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Q&A with Susan Coll, Author of Real Life and Other Fictions

Q&A with Susan Coll, Author of Real Life and Other Fictions

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Susan Coll is the author of Real Life and Other Fictions, which is out now.

Susan Coll is the author of six novels, including The Stager–New York Times and Chicago Tribune Editor’s Choice. Her third novel, Acceptance, was made into a television movie starring the hilarious Joan Cusack. Susan’s work has appeared in publications including the New York Times Book Review, the Washington PostWashingtonian magazine, Moment Magazine,,, and The Millions. She works at an independent bookstore in Washington, DC, and is currently the president of the PEN/Faulkner Foundation. 

Real Life and Other Fictions follows Cassie Klein, a woman in her 50s who seeks answers about her parents’ mysterious death while navigating personal turmoil including a failing marriage.

Get to know Susan as she talks favorite novels, what inspired her to write her latest novel, her TBR list and more!

Q: What are some of your favorite novels?

A: I love dark comedy, especially those featuring unreliable narrators: Atmospheric Disturbances by Rivka Galchen is one of my all-time favorites. Zoe Heller’s Notes on a Scandal is another. I love everything Lisa Zeidner writes, including Love Bomb and Layover, and hope we get to read more of her soon. My husband, Paul Goldberg, writes dark comedy, too, so I’ll give a shoutout to his first novel, The Yid. On the other end of the spectrum – very much not a comedy—Alice McDermott’s latest novel, Absolution, set in 1960s Saigon, took my breath away.

Q: When did you know you wanted to become an author?

A: I have had something angsty burning inside since high school, some creative something or other that needed to find its way out. I have aways been a voracious reader, and since I couldn’t paint, sing, dance, or do anything other than type, writing seemed the way to go. 

Q: Tell us about Real Life and Other Fictions. What inspired you to write it?

A: Some twelve years ago I heard about The Mothman Festival in Point Pleasant, West Virginia, and while I am not a hugely impulsive person, the sound of this strange gathering sent me on a solo six-hour road trip. I then became fascinated by, and slightly obsessed with the 1967 collapse of the Silver Bridge in Point Pleasant, West Virginia, which resulted in 46 fatalities, and which remains the deadliest bridge collapse in modern history.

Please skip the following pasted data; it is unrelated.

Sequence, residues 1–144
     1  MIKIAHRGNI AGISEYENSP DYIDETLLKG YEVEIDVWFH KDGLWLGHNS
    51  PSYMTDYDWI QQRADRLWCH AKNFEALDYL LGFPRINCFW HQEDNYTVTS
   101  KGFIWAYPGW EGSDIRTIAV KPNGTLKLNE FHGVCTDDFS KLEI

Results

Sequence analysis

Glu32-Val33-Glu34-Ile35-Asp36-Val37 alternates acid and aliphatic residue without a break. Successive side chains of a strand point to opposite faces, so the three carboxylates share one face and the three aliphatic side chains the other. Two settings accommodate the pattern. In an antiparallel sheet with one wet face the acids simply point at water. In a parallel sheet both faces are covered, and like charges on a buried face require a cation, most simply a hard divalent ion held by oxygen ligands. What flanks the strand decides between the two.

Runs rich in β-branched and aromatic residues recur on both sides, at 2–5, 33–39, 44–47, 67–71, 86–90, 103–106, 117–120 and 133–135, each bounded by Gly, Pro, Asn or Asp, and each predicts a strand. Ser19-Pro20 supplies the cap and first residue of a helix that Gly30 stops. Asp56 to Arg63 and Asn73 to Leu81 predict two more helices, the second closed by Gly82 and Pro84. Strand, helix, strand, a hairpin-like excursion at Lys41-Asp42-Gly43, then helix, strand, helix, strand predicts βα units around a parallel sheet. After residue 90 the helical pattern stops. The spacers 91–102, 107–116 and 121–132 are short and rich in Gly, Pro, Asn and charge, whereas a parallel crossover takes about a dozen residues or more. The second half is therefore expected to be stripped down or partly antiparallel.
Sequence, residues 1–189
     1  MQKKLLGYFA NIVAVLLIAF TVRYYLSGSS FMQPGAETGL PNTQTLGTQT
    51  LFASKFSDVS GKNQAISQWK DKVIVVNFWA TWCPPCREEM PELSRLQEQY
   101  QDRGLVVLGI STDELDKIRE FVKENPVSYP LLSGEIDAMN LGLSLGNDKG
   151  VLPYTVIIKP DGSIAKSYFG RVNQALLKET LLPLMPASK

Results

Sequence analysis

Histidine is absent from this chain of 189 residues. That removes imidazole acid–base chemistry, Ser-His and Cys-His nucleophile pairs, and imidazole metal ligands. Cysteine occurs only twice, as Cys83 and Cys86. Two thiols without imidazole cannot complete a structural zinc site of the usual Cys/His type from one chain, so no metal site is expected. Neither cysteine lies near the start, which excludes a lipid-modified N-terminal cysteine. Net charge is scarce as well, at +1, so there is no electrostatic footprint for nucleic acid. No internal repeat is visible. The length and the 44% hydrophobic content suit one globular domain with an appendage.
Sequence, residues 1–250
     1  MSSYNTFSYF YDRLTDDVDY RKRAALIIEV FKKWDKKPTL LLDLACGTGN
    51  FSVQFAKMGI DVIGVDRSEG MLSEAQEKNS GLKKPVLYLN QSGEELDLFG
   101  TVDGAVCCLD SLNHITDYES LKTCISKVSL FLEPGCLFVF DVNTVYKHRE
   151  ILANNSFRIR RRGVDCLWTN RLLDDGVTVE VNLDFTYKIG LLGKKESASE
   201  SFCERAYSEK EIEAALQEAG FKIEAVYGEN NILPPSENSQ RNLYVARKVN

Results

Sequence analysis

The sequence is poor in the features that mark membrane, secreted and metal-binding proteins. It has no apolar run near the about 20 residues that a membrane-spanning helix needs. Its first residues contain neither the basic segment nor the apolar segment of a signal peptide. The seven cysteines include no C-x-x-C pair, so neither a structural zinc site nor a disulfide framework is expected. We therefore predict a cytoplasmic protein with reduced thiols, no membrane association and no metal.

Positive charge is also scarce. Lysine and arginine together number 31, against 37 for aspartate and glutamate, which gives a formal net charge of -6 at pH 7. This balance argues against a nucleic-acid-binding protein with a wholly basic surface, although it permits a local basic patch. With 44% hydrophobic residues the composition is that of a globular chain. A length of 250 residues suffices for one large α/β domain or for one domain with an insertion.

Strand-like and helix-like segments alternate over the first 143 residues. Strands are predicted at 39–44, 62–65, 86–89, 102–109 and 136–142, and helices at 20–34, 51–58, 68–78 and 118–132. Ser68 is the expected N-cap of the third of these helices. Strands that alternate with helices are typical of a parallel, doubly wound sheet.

In the year or so before the collapse, there were multiple local sightings of a creature known as The Mothman, a giant winged creature with glowing red eyes, that was thought to be part-man, part-moth. A 2002 film starring Richard Gere and Laura Linney, called The Mothman Prophecies, takes the story in the direction of horror, but I found myself drawn to the story of survival. My protagonist is a woman in her 50s who was orphaned in the bridge collapse. Cassie has spent her entire life wondering why her parents, who lived in Washington, DC, were in West Virginia and on the bridge at the moment of disaster. 

Q: Can you share your favorite part or chapter to write?

A: This was a challenging novel to write, and at first it seemed outside my comfort zone. Most of my work has a comic bent, and this was a subject that did not lend itself to lightness and whimsy. The book began to come into focus for me in chapter 19, when my protagonist, Cassie, walks into a hibachi restaurant at the foot of the now restored bridge, and meets a cryptozoologist. He asks Cassie whether she is visiting Point Pleasant, or just passing through, and they fall into banter that echoes the language of John Gardner’s classic book on craft, The Art of Fiction. They have an immediate chemistry, and in that moment the novel found its comic voice. This scene helped me to better understand the book in its entirely, so I went back to the beginning and filtered everything through this new lens.

Q: How do you find the right balance of humor and heart when composing your novels?

A: That’s a great question, since my work typically begins with a dark subject—a bridge collapse in this book, and in Bookish People, the 2017 Unite the Right rally in Charlottesville, for example—and yet I wind up writing what I hope are warm-hearted comedies. I spend a lot of time puzzling over intersection of darkness and comedy—about the adage tragedy plus time equals comedy. My characters typically begin with a challenging situation of one sort or another and then wrestle it to the ground in ways that become screwball. I’m not entirely sure I can explain how that happens.

Q: What are you currently reading and what’s on your TBR (to be read) list?

A: Because I work in a bookstore I tend to have a mountain of galleys on my desk and my reading is often dictated by our author event schedule. I just finished Helen Simonson’s charming Hazelbourne Ladies Motorcyle and Flying Club, and recently read Holly Gramazio’s sparkling comedy, The Husbands. I’m looking forward to reading a galley of Lynda Cohen Loigman’s The Love Elixir of Augusta Stern, which comes out in October. Other galleys on my desk include Claire Messud’s This Strange and Eventful History, Alexis Landau’s The Mother of All Things, and Jessica Anthony’s The Most.